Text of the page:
Industrial Production Up in November: Growth Tied to Regulatory Relief and Tax Reform Expectations

By at 15 December, 2017, 3:55 pm

by Raymond J. Keating-

According to the Federal Reserve, industrial production (that is, the actual output in manufacturing, mining, and electric and gas utilities industries) expanded by 0.2 percent in November.

This follows on an upwardly revised expansion of 1.2 percent for October, and is the third consecutive month of growth.

In terms of manufacturing output, it also rose in each of the last three months, by 0.2 percent in November and 1.4 percent in October.

For good measure, mining production jumped by 2.0 percent in November, thanks to a “post-hurricane rebound in oil and gas extraction.”

These positive moves are most welcome, especially after industrial production actually declined in 2015 and 2016, along with four of the first eight months of 2017 showing either no growth or decline. At the same time, it must be recognized, as the Fed reported, “Excluding the post-hurricane rebound in oil and gas extraction, total industrial production would have been unchanged in November.”

In addition to this latest report, a longer view reminds us that total industrial production is basically was at the same point in November 2017 as it was a decade earlier in November 2007 just before the Great Recession hit. That is, the index registered 105.3 in November 2007 and 106.4 in November 2017 – growth of only 1 percent over a decade. Meanwhile, manufacturing output in November 2017 (105.9) was still actually lower than the December 2007 high (108.5) – down by 2.4 percent.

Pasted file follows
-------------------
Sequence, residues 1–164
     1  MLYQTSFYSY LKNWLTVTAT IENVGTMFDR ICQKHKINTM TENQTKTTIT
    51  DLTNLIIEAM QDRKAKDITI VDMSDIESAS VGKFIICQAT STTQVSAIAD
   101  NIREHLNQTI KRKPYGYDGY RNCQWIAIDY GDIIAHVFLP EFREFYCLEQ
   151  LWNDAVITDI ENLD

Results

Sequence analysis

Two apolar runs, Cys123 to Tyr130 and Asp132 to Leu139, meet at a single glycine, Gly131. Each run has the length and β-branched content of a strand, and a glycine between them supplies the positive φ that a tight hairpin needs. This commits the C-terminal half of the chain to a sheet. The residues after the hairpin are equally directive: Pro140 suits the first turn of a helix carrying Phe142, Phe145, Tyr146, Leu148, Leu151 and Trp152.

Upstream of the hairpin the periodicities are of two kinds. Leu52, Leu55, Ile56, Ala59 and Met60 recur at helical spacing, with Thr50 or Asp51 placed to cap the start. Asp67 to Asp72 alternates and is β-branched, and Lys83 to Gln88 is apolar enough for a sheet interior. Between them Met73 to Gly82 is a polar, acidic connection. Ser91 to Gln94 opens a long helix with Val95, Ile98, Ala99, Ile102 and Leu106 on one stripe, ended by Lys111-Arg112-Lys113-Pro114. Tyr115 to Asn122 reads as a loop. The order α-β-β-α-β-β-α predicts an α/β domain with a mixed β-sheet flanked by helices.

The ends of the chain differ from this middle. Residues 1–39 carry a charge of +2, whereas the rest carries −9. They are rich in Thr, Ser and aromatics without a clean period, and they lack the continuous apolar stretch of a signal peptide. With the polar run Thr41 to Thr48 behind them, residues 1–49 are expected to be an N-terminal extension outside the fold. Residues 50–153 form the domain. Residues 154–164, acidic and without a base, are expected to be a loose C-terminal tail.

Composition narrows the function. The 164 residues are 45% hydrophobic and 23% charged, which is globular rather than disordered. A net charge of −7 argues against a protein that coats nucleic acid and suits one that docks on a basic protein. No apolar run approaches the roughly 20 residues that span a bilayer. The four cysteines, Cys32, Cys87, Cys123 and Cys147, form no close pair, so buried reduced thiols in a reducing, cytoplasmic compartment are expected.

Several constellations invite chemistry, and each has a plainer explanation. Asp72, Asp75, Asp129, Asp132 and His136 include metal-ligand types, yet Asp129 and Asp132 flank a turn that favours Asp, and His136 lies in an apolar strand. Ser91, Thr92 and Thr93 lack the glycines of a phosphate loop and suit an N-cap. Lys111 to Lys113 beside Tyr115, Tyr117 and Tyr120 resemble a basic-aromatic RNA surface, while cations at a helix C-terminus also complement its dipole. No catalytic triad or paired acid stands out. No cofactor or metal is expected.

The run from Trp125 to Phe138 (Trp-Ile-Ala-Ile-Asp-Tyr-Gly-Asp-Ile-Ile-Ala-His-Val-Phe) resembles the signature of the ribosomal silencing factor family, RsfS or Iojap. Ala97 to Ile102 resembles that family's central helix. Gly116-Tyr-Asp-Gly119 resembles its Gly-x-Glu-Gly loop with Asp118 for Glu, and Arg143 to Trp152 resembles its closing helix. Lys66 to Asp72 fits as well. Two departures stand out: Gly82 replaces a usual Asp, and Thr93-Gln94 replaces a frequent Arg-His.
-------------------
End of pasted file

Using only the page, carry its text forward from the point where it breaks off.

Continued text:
Policy Shifts Welcomed and Warranted

All of this speaks to the clear need for a major shift in both tax and regulatory policies. The unfortunate reaction to the credit and economic mess of 2008-09 was an expansion of government intrusiveness, including more regulation and higher taxes. The efforts by the current administration and Congress to reverse course in these areas already has started to make a real difference, and implementing a tax package featuring much lower tax rates on businesses and expanded expensing will further incentivize business investment and production by firms of all types and sizes.

The same goes for substantive changes in terms of regulatory relief and reform.  In a media event on December 14, President Trump said his Administration would continue on with the same deregulatory path in 2018, but up the current “one in, two out” regulatory approach to “one in, three out” next year. As the President noted in his remarks, federal agencies have actually issued 22 deregulatory actions for every one new regulatory action since he took office.

The industrial sectors of our economy seem to be moving in the right direction, and that will be further aided by implementing pro-entrepreneurship, pro-investment and pro-growth policies in Washington.


Raymond J. Keating is chief economist for the Small Business & Entrepreneurship Council.

Keating’s latest book published by SBE Council is titled Unleashing Small Business Through IP:  The Role of Intellectual Property in Driving Entrepreneurship, Innovation and Investment and it is available free on SBE Council’s website here.

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